Honey Beats Traditional Treatment for Respiratory Infections
Reproduced from original article:
Analysis by Dr. Joseph Mercola Fact Checked September 14, 2020
- A review of 14 studies showed honey to be superior to the usual treatment of cold symptoms in adults
- It was as effective as cough medicine in children when compared to two common over-the-counter medications — dextromethorphan and diphenhydramine
- Most upper respiratory tract infections are caused by viruses that do not respond to antibiotics. Using honey may slow the spread of antibiotic resistant bacteria
- Honey you buy from the grocery store may be adulterated or fake. Seek local producers at farmers markets and test the physical properties, including scent, thickness, taste and stickiness
The medical term to describe the common cold is an upper respiratory infection (URI). This is often caused by a virus that infects your nose, throat and mouth. There are more than 200 different viruses responsible, with rhinoviruses being the most common.1
In one cross-sectional study published in 2016, scientists in India analyzed the incidence of URIs in rural and urban populations.2 There were a total of 3,498 people checked during the study, out of which 287 had an upper respiratory infection at the time. Children were infected more often than adults, especially those younger than 5.
Antibiotic prescriptions are not recommended for children or adults with a common cold because those medications treat bacterial, rather than viral infections. The CDC recommends focusing on symptomatic relief, as:3
“There is potential for harm and no proven benefit from over-the-counter cough and cold medications in children < 6 years. These substances are among the top 20 substances leading to death in children < 5 years.”
Identify Upper Respiratory Tract Infections
Many of the symptoms of seasonal allergies, the common cold and lower respiratory tract infections (LRIs) with flu can look similar. Acute LRIs from flu were linked to 34,800 deaths in 2018; that’s why it’s important to be able to understand the symptoms.4
In a review of the literature from 2015, scientists looked at 56 studies and found 124 definitions of upper and lower acute respiratory infections.5 This variability influences the ability to generalize prevention and treatment recommendations.
Doctors from Louisville, Kentucky, say there are signs and symptoms that distinguish seasonal allergies, colds and flu:6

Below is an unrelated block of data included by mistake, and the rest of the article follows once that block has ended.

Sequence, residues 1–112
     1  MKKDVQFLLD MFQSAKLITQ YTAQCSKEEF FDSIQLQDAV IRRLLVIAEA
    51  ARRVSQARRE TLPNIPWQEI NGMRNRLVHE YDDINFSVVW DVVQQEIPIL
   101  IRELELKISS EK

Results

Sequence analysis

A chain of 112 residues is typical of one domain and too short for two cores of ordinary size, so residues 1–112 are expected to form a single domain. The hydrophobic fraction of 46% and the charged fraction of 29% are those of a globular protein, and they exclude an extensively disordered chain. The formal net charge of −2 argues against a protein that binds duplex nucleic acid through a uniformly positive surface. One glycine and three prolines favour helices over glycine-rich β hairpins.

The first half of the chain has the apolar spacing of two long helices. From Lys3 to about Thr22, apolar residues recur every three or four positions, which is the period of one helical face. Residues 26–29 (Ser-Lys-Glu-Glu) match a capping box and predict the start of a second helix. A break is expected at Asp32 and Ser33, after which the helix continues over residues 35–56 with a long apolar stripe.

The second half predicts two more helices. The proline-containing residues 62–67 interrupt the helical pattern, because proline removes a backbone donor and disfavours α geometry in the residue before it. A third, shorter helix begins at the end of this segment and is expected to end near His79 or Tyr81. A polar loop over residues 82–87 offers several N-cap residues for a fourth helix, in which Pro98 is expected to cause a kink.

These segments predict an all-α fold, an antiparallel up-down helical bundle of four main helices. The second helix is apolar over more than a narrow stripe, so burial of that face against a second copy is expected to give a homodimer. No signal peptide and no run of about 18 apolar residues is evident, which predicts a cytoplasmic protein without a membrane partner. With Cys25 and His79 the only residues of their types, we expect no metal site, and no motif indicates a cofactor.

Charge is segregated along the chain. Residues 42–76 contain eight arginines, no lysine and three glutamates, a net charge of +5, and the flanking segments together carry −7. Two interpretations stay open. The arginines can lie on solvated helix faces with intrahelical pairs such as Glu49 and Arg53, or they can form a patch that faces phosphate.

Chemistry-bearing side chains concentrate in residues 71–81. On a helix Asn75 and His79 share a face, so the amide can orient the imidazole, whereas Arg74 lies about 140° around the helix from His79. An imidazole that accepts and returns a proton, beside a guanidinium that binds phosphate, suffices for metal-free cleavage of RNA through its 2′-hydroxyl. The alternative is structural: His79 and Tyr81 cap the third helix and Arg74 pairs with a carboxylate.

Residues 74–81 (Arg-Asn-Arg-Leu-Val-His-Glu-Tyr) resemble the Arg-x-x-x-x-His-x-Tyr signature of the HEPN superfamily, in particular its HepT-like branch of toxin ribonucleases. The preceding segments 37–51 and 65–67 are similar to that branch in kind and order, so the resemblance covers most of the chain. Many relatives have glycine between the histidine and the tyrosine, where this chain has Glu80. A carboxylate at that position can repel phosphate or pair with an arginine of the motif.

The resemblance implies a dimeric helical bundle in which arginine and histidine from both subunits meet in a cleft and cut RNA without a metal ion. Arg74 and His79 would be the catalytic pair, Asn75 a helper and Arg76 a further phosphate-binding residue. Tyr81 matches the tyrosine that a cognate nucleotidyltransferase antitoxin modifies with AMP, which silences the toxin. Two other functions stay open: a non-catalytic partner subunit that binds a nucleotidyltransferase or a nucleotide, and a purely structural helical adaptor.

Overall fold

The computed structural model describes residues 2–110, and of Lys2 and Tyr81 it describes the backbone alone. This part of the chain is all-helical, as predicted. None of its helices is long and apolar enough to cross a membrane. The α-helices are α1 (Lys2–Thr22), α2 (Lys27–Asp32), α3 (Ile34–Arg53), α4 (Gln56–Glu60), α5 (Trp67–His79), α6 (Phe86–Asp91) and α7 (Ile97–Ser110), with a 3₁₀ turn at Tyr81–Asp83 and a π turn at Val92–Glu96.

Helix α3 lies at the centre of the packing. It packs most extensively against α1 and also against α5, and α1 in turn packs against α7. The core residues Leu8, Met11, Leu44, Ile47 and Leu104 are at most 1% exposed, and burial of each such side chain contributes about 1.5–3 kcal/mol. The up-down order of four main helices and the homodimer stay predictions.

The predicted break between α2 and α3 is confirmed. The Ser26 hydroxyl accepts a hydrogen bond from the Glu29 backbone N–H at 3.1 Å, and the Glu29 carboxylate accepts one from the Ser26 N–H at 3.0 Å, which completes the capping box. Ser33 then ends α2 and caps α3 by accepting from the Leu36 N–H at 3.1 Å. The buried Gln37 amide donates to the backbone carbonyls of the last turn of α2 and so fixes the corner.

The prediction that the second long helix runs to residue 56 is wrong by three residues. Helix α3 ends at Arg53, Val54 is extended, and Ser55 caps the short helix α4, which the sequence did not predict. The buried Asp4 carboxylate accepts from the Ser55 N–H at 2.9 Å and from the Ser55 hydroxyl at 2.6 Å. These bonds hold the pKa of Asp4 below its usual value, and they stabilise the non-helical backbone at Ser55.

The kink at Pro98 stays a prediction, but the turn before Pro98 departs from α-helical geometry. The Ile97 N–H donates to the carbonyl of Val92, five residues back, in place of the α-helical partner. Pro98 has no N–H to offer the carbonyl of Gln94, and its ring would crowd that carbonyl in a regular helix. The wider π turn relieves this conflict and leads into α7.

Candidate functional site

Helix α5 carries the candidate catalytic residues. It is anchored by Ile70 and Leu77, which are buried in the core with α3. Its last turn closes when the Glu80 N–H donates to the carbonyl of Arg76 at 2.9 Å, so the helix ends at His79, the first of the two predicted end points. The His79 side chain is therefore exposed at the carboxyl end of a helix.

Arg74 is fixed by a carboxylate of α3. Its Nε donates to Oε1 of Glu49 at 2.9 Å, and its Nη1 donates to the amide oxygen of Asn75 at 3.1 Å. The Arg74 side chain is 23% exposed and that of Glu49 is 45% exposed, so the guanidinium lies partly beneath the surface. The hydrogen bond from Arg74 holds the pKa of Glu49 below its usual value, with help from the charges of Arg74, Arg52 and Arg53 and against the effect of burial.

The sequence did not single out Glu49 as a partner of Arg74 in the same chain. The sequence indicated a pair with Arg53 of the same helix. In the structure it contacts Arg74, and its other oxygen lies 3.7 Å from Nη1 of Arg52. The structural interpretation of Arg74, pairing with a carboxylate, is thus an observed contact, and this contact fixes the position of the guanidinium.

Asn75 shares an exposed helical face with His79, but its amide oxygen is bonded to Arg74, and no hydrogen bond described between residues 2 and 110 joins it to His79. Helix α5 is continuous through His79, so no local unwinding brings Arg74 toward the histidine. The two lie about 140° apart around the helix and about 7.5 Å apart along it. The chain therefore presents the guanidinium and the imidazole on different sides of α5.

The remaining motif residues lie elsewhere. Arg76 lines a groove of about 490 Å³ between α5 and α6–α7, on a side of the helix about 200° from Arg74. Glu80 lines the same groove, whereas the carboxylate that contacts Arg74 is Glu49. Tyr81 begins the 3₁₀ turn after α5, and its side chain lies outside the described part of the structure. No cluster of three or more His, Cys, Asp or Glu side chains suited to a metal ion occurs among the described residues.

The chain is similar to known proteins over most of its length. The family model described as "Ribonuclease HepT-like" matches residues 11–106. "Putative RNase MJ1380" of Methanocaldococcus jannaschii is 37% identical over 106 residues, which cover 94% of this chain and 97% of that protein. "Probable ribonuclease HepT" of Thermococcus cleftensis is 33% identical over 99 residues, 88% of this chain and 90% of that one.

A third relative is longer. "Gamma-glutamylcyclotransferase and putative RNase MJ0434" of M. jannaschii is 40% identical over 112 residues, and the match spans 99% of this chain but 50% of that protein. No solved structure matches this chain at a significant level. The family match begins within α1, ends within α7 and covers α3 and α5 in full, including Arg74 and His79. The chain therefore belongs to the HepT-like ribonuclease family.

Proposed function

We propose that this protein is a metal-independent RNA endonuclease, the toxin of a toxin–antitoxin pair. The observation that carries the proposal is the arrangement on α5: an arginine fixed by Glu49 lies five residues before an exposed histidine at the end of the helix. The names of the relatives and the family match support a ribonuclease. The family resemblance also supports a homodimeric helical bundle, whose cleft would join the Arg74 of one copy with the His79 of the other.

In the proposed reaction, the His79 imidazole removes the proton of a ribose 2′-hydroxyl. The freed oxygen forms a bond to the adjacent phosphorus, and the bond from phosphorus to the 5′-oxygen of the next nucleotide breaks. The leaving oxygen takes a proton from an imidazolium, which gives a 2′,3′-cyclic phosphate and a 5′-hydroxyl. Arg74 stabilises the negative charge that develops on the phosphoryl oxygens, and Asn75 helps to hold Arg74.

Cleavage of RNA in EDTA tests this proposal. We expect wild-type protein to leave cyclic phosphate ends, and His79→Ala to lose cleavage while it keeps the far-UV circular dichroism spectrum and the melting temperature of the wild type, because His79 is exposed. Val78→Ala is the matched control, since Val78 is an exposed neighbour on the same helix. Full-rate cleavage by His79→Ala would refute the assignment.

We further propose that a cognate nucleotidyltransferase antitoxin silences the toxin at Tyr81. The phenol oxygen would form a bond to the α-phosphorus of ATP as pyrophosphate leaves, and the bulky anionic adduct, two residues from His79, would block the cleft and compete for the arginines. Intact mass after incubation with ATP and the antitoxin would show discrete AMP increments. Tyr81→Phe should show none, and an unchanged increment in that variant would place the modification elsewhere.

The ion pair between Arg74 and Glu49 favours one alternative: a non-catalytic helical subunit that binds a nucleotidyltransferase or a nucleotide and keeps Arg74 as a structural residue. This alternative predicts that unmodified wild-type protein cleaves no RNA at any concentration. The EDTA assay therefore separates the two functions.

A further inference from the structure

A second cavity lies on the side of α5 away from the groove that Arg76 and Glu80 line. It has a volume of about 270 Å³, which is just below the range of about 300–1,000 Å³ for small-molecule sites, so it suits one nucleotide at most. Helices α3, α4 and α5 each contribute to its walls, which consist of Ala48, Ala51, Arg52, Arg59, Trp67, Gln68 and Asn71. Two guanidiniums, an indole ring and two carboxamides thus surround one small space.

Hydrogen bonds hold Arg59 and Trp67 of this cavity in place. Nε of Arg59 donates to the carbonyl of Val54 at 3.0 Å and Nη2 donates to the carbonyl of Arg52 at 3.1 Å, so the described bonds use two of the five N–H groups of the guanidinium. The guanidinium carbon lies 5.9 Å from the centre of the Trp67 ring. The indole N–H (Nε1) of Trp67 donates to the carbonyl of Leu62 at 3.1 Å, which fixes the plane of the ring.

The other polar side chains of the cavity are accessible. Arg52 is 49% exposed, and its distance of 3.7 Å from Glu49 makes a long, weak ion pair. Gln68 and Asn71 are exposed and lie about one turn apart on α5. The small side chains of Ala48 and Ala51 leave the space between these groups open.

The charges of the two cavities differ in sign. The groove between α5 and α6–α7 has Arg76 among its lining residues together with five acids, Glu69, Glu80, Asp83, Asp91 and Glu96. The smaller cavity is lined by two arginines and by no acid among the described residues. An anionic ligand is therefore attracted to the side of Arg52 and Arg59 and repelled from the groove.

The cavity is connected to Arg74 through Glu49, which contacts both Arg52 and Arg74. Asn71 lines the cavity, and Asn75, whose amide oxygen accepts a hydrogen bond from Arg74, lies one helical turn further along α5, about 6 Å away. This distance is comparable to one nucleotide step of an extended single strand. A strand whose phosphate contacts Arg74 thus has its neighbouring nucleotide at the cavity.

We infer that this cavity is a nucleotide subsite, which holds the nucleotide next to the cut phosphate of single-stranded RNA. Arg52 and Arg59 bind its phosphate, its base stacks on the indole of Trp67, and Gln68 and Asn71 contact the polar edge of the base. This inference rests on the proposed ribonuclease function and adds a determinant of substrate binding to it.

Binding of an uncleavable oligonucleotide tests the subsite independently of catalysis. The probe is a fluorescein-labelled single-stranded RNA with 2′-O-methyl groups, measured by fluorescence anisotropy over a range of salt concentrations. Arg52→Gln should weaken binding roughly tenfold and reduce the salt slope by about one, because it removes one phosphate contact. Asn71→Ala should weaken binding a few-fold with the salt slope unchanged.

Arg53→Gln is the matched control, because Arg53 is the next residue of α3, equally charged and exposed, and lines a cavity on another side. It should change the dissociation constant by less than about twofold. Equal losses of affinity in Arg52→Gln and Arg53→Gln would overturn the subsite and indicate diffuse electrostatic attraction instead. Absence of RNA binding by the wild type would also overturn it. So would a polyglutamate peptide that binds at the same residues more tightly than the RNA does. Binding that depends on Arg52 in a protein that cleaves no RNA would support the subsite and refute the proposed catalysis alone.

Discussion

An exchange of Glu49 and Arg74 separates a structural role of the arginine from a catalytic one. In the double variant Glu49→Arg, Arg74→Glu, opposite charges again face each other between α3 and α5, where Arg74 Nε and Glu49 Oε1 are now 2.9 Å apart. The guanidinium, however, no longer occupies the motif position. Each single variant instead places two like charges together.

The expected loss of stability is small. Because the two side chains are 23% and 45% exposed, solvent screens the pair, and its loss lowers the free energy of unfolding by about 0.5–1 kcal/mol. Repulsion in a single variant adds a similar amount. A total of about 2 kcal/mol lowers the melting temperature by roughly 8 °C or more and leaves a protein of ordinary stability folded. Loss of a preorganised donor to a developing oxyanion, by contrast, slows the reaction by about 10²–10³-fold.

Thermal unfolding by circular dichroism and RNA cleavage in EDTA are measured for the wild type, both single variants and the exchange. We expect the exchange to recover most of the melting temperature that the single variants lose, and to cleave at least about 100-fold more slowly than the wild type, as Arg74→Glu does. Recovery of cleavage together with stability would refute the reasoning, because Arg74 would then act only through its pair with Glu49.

|Cough||Sometimes||Mild to moderate||Common, can become severe|
|Fever||No||Rare||High, 102° F to 104° F for three to four days|
|Fatigue||Common||Mild||Lasts two to three weeks|
|Aches and pains||Never||Slight||Can be severe|
Honey Is Superior Treatment for URIs
Although children are infected more commonly than adults with the cold virus, it continues to be the third-most frequent diagnosis for adults who sometimes get between two and four colds each year.7 The CDC recommends that adults treat their symptoms with decongestants and nonsteroidal anti-inflammatories.
The use of antihistamines on their own, intranasal corticosteroids and opioids are not supported by scientific evidence. Even though the majority of URIs are the result of a viral infection, acute respiratory tract infections continue to be the most common reason antibiotics are prescribed for adults.8 The Mayo Clinic recommends specific at-home treatments:9
|Drinking plenty of fluids||Eating chicken soup|
|Controlling the room temperature and humidity||Using saltwater gargle to soothe your throat|
|Using saline nasal drops to relieve congestion||Using over-the-counter cold and cough medications for symptomatic relief|
While over-the-counter (OTC) medications are not regarded as effective for children younger than 6, in a Cochrane Review of the literature it’s noted that although many preparations have only minor side effects in adults, they may not work any better than a placebo.10
The authors of a recent review of the literature sought to evaluate how honey stacked up against usual care and antibiotics for symptomatic relief in adults with upper respiratory infections. The scientists included 14 studies in which cough frequency, cough severity and symptom scores were compared. They concluded:11